20. 20. Urinary Tract Infection (UTI) <ul><li>PATHOPHYSIOLOGY </li></ul><ul><li>The invading organism ascends the urinary tract, irritating the mucosa and causing characteristic symptoms </li></ul><ul><ul><li>Ureter= ureteritis </li></ul></ul><ul><ul><li>Bladder= cystitis </li></ul></ul><ul><ul><li>Urethra=Urethritis </li></ul></ul><ul><ul><li>Pelvis= Pyelonephritis </li></ul></ul>
  21. 21. Urinary Tract Infection (UTI) <ul><li>Assessment findings </li></ul><ul><li>Low-grade fever </li></ul><ul><li>Abdominal pain </li></ul><ul><li>Enuresis </li></ul><ul><li>Pain/burning on urination </li></ul><ul><li>Urinary frequency </li></ul><ul><li>Hematuria </li></ul>
  22. 22. Urinary Tract Infection (UTI) <ul><li>Assessment findings: Upper UTI </li></ul><ul><li>Fever and CHIILS </li></ul><ul><li>Flank pain </li></ul><ul><li>Costovertebral angle tenderness </li></ul>
  23. 23. Urinary Tract Infection (UTI) <ul><li>Laboratory Examination </li></ul><ul><li>Urinalysis </li></ul><ul><li>Urine Culture </li></ul>
  24. 24. Urinary Tract Infection (UTI) <ul><li>Nursing interventions </li></ul><ul><li>Administer antibiotics as ordered </li></ul><ul><li>Provide warm baths and allow client to void in water to alleviate painful voiding. </li></ul><ul><li>Force fluids. Nurses may give 3 liters of fluid per day </li></ul><ul><li>Encourage measures to acidify urine (cranberry juice, acid-ash diet). </li></ul>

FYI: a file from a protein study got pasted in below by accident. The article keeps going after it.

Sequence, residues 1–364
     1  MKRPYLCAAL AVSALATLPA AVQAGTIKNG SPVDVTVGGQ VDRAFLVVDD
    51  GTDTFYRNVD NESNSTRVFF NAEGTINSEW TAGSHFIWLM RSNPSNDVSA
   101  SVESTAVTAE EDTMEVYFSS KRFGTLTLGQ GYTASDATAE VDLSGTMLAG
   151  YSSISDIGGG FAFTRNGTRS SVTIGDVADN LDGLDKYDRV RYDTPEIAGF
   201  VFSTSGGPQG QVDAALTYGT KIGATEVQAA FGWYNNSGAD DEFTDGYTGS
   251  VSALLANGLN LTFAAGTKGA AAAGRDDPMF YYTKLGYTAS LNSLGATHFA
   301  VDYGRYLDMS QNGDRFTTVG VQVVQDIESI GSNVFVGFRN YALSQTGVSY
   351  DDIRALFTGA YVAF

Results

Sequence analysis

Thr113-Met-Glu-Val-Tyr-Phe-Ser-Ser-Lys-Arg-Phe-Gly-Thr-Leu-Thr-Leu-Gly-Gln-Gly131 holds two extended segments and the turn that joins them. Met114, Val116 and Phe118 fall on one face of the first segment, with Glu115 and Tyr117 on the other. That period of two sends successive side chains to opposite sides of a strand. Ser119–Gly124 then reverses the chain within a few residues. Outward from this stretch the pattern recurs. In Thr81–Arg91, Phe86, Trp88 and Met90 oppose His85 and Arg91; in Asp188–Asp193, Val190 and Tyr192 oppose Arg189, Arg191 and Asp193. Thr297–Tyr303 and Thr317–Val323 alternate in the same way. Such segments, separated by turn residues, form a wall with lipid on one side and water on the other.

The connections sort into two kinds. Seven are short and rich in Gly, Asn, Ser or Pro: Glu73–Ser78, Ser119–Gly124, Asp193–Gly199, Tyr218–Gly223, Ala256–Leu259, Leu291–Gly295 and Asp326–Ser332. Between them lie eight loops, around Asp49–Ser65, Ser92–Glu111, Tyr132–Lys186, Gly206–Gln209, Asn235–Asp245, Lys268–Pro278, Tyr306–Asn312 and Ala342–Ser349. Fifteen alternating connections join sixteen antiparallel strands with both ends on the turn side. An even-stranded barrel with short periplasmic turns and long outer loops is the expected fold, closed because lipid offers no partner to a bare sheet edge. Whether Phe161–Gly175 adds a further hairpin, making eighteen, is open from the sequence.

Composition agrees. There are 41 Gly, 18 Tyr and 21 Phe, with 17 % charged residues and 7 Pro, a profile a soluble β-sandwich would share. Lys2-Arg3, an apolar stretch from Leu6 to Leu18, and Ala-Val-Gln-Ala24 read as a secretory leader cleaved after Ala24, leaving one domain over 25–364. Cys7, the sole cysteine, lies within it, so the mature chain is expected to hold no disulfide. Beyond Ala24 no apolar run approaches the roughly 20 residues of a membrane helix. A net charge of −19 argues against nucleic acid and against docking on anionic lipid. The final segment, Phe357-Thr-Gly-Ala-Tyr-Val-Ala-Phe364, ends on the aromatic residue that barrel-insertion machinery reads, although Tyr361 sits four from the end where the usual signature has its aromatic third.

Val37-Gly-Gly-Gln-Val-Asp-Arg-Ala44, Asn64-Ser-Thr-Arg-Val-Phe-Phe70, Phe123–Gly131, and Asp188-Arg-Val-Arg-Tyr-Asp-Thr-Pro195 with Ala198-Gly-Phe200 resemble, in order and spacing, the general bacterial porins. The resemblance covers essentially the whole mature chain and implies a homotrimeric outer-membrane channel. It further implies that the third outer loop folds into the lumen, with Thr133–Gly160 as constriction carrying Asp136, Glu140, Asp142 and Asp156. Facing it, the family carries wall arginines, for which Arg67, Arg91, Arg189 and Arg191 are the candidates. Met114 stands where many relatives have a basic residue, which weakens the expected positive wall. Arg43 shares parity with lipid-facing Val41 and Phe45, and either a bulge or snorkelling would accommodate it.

25. 25. Urinary Tract Infection (UTI) <ul><li>Provide client teaching and discharge planning concerning </li></ul><ul><li>a. Avoidance of tub baths </li></ul><ul><li>b. Avoidance of bubble baths that might irritate urethra </li></ul><ul><li>c. Importance for girls to wipe perineum from front to back </li></ul><ul><li>d. Increase in foods/fluids that acidify urine. </li></ul>
  26. 26. Urinary Tract Infection (UTI) <ul><li>Pharmacology </li></ul><ul><li>1. Sulfa drugs </li></ul><ul><ul><li>Highly concentrated in the urine </li></ul></ul><ul><ul><li>Effective against E. coli! </li></ul></ul><ul><li>2. Quinolones </li></ul>
  27. 27. Nephrolithiasis/Urolithiasis <ul><li>Presence of stones anywhere in the urinary tract </li></ul><ul><ul><li>Calcium </li></ul></ul><ul><ul><li>oxalate </li></ul></ul><ul><ul><li>and uric acid </li></ul></ul>
  28. 28. Nephrolithiasis/Urolithiasis <ul><li>Pathophysiology </li></ul><ul><li>Predisposing factors </li></ul><ul><li>a. Diet: large amounts of calcium and oxalate </li></ul><ul><li>b. Increased uric acid levels </li></ul><ul><li>c. Sedentary life-style, immobility </li></ul><ul><li>d. Family history of gout or calculi </li></ul><ul><li>e. Hyperparathyroidism </li></ul>